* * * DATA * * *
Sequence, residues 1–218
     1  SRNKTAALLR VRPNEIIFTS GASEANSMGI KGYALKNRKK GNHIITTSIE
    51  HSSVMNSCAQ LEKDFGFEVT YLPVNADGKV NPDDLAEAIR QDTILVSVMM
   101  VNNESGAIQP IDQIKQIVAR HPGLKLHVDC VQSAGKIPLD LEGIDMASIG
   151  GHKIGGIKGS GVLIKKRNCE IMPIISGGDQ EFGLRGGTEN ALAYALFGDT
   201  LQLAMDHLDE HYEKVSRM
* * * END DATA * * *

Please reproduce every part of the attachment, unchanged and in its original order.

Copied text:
Sequence, residues 1–218
     1  SRNKTAALLR VRPNEIIFTS GASEANSMGI KGYALKNRKK GNHIITTSIE
    51  HSSVMNSCAQ LEKDFGFEVT YLPVNADGKV NPDDLAEAIR QDTILVSVMM
   101  VNNESGAIQP IDQIKQIVAR HPGLKLHVDC VQSAGKIPLD LEGIDMASIG
   151  GHKIGGIKGS GVLIKKRNCE IMPIISGGDQ EFGLRGGTEN ALAYALFGDT
   201  LQLAMDHLDE HYEKVSRM